Protecting the Santa Fe River in North Florida

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ASPO/USA Peak Oil Review — Good News for Fracking & Pipeline Opponents


oil review

The content of this report will not be enough to satisfy those working to save the planet, but if we remember just a decade ago, we probably would not have seen sustainable fuels even mentioned.

We are slowly winning this battle.

Interesting perspective from the oil industry, especially as we see it from the environmentalist viewpoint.   We all know we have an oil glut, and production has dropped in the US especially because of world price controls, largely caused by OPEC which has  allowed abundant production.  In part, this was to drive the US out of the market, because production costs are higher here, and US cannot compete on a world market if prices are low.

Below we see how non-fossil fuels are figuring into the predictions of the oil companies.  It is heartening to see the degree to which this is a factor, especially in China where efforts are being made to discontinue the use of coal.  Oil companies in Canada also feel uneasiness, as the Alberta oil sand resources, third largest oil resource in the world, seem threatened by Trudeau’s comment that they should be phased out, in part because of environmentalist pressure.

Environmentalist forces also are apparent in the world pipeline issues.  The TransAdriatic Pipeline especially has activist issues in Italy, and TransCanada Corporation’s Energy East pipeline has hit obstacles.  Even TransCanada’s infamous Keystone Pipeline has problems, in spite of Trump’s green light  on oil transportation, because Trump put in the domestic steel requirement.  And best of all, it appears that Trump has not given the required easement to Dakota Access Pipeline to cross under Oahe Lake on the Missouri River.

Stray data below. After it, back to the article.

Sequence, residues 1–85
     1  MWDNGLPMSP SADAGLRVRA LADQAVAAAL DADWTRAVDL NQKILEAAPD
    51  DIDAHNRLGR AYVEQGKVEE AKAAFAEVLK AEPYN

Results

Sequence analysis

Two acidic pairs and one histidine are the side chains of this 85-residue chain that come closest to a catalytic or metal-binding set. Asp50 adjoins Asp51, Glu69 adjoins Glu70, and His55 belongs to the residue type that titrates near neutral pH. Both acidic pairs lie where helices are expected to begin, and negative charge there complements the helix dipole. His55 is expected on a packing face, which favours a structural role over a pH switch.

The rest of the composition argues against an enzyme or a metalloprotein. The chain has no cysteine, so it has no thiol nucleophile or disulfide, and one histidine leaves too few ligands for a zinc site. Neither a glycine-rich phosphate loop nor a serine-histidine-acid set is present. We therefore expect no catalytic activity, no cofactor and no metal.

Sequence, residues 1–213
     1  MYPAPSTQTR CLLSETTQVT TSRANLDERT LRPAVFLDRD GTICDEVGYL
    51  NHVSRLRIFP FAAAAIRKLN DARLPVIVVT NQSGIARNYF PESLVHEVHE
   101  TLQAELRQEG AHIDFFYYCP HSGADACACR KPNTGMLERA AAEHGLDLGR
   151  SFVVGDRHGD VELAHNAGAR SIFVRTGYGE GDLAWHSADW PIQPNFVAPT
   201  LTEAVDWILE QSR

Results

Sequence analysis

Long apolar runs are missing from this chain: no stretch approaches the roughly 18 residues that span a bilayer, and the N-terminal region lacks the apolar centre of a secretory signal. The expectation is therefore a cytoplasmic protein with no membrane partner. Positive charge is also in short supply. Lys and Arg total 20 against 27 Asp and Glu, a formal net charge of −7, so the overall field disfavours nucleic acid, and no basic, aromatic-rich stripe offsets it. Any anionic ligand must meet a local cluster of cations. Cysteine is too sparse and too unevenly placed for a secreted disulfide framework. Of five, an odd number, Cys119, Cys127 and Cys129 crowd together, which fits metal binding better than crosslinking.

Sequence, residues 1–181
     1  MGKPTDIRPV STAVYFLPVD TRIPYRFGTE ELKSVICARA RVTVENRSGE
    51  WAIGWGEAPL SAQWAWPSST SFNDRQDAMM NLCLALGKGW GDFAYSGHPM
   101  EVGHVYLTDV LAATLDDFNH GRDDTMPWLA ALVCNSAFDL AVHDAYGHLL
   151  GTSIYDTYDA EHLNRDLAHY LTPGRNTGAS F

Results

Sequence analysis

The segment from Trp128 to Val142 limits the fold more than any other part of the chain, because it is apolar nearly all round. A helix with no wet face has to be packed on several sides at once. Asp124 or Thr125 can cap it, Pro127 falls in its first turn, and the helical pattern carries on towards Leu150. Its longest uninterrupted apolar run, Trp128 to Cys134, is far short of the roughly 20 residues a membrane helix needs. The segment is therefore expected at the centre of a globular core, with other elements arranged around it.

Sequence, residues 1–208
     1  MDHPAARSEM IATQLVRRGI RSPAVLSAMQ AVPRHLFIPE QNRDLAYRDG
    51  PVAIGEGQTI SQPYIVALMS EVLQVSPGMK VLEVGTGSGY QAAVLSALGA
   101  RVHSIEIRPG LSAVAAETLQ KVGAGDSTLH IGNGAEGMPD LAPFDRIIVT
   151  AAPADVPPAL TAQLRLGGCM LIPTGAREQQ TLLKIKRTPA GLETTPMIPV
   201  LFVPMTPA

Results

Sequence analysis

Go to this link for the entire report.

Comments by OSFR historian Jim Tatum.
-A river is like a life:  once taken, it cannot be brought back-


Many are talking about a renewed boom in the US shale oil industry this spring and the complimentary boom in the Canadian oil sands. The low oil prices of the last few years have bankrupted many firms and those that remain have trimmed costs of production to the bone through better technology, drilling in only the best and most productive places, and forcing many oil service companies into operating at a deficit.

Last week BP released its annual Energy Outlook report that surveys the prospects for the oil industry in coming decades. The company sees the demand for energy growing into the 2040s but that the demand for oil will slow because of more efficient means of consumption and the increasing use of green energy. The report estimates that 2.5 trillion barrels of oil have been discovered worldwide and could be “technically” extracted. This estimate begs the question of the cost of production of this oil some of which will be too expensive to extract before other technologies arrive. In any case, BP says there is double the amount of oil underground than what the world will need between now and 2050 so there is no need to worry about running out for the next 35 years.

BP also says that the growth of the Asian middle-class is expected to drive the increasing demand for more energy with non-fossil fuel energy continuing to command a larger share of consumption. However, fossil fuels still are expected to be supplying more than three-quarters of the total energy supply in 2035. Natural gas usage is expected to grow the fastest, taking over coal as the second largest source of fuel by 2035.  The company also warned of continuing pressure on oil prices for a long-term oil glut. Some of this glut will come from pressures to reduce the use of fossil fuels in response to environmental concerns.